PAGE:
The gut flora consists of many different strains of probiotic bacteria that help us to digest our food and maintain a healthy immune system. Taking probiotic supplements can be helpful in increasing our natural population, but are there foods we can eat to encourage them and how does the effect of this compare to taking a supplement?
It is possible to encourage them naturally through diet and one of the benefits of this is that it allows a variety of strains to flourish, which is the most beneficial to health. Probiotic supplements tend to contain only a few strains, although some also contain prebiotics such as inulin or FOS (fructooligosaccharides), types of plant fibre that probiotics like to feed on, which supports other strains as well as the ones contained in the supplement. Consuming prebiotics in the diet helps to grow a healthy gut flora.
According to Dr Gary Huffnagle, prebiotics are naturally present as soluble fibres in legumes, unpeeled fruits and vegetables and in wholegrains such as oats and barley. Inulin and FOS are types of soluble fibre. Inulin is present in chicory, wheat and onions. Soluble fibre absorbs liquid so it’s important to drink plenty of water for the greatest benefit from the fibre and to keep your digestion comfortable. If you’re not used to fibre in your diet you may experience some temporary discomfort and wind, but this should settle down soon and can be minimised by starting with a low amount of fibre and gradually increasing it.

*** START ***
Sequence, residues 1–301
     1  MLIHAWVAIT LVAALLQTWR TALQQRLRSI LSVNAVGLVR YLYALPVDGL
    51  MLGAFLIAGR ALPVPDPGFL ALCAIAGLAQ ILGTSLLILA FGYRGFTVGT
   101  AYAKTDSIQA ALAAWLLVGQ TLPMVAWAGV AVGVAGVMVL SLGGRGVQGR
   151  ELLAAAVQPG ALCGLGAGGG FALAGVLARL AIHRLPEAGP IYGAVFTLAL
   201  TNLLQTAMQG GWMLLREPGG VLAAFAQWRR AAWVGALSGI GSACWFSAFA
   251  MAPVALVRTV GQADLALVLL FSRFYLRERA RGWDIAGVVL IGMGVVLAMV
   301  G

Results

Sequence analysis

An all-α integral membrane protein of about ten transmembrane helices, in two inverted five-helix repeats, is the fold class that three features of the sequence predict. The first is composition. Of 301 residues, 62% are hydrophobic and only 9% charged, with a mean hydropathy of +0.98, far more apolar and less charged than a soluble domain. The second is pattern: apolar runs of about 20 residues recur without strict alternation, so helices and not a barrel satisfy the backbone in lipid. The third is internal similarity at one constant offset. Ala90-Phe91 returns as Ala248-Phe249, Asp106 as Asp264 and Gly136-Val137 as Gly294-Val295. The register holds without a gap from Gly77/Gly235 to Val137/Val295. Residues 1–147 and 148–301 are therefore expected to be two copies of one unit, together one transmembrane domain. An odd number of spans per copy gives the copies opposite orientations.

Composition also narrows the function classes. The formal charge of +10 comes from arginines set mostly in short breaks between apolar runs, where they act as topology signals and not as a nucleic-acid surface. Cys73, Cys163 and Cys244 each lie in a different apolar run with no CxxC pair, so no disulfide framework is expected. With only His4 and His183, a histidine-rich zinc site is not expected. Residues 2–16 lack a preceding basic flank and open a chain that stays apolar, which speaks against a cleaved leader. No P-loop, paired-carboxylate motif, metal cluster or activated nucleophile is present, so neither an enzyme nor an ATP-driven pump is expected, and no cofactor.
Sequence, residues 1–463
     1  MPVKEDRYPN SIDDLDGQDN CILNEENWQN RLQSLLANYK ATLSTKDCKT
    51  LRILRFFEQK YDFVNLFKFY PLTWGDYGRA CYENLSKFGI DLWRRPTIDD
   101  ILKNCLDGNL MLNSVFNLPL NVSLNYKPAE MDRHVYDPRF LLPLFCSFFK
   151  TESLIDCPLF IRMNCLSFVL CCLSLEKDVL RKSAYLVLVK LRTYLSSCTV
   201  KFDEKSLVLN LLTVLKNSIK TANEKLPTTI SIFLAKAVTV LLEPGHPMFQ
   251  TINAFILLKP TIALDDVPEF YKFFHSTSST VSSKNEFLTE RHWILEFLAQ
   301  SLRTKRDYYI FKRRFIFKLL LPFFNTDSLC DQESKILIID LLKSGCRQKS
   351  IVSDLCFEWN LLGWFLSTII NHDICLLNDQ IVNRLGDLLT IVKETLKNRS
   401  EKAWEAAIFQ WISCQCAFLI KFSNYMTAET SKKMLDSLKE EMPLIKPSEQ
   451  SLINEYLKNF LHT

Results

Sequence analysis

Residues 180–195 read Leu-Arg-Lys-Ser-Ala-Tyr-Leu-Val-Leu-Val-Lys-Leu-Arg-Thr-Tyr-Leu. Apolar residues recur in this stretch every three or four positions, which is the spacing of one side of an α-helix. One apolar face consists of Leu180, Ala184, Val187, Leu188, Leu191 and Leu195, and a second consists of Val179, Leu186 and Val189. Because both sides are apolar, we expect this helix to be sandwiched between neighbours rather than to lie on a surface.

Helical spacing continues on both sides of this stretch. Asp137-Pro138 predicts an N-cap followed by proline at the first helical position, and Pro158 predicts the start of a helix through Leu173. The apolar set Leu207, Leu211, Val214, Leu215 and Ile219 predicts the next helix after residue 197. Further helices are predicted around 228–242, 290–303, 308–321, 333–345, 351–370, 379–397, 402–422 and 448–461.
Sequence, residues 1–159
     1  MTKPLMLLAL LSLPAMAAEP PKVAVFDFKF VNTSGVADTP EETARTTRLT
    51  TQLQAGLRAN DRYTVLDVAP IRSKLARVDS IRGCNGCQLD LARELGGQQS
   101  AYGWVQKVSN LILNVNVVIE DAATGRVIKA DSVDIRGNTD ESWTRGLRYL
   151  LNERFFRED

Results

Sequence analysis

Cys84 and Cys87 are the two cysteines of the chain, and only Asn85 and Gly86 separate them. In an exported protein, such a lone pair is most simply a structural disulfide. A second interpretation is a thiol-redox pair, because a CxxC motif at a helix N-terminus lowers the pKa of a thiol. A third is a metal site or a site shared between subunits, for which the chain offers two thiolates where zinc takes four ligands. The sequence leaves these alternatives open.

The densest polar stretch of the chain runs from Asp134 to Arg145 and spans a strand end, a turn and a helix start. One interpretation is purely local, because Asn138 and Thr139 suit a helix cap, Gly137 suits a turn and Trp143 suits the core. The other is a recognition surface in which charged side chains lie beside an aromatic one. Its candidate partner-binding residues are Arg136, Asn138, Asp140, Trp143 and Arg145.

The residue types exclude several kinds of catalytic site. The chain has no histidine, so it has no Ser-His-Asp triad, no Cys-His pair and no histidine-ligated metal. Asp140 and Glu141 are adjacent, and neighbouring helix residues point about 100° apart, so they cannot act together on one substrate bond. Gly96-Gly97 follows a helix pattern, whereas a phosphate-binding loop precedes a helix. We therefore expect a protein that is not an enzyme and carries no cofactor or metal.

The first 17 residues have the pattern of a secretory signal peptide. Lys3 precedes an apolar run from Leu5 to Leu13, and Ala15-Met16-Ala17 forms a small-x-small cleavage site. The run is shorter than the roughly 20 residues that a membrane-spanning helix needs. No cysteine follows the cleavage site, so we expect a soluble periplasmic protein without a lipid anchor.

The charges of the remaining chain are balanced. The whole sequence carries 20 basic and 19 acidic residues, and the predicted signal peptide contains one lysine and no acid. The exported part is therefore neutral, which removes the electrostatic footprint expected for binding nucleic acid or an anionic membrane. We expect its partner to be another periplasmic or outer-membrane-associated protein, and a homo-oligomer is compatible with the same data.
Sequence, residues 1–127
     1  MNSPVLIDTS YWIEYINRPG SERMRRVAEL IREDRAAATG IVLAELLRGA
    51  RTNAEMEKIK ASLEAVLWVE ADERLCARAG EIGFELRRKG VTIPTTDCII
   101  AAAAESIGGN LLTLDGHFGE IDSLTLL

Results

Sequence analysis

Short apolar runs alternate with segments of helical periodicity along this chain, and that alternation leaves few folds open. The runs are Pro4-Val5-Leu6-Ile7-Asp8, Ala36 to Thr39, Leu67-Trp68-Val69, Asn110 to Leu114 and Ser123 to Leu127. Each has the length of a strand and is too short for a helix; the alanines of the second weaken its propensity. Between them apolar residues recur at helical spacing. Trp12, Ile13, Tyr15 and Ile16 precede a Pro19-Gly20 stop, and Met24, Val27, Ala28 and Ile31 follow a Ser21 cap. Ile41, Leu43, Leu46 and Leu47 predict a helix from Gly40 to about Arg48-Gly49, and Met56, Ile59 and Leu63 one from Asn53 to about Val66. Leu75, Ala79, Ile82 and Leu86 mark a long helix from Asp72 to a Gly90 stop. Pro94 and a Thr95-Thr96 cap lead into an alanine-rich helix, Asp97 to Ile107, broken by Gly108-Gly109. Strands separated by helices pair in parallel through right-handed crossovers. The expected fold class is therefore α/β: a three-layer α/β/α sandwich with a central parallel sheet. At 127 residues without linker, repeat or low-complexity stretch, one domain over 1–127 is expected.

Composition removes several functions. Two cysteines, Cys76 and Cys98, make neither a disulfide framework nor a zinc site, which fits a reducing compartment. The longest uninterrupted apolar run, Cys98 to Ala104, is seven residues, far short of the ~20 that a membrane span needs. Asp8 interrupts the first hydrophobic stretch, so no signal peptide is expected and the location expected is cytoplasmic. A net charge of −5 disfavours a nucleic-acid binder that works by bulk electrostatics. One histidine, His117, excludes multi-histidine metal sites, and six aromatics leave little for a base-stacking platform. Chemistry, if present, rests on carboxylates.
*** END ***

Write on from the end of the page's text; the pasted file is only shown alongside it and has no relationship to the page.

Fermented foods and drinks are a natural source of probiotic bacteria. A well known source is live yogurt and probiotic yogurt drinks. These can contain high levels of probiotics. Soya yogurts are available for those who cannot have milk. Other fermented foods include: some aged cheeses and cottage cheese, that have been produced by fermentation, rather than with enzymes; kefir, a fermented milk drink; sauerkraut, which is fermented cabbage; miso made from soya, grains and salt; and naturally fermented pickles. Huffnagle points out that many pickles sold nowadays are not true pickles, which should be fermented in salt water, but are soaked and preserved in vinegar, which does not give the same results.
A probiotics friendly diet can be combined with probiotic supplementation if necessary. Some IBS sufferers require very high doses of probiotics to relieve symptoms. There are probiotic products available for specific needs, but for everyday health a diet high in probiotics and prebiotics should maintain a healthy digestion, which is fundamental to other aspects of health.
Reference: Huffnagle, G. with Wernick S. (2007) The Probiotics Revolution Vermilion, London
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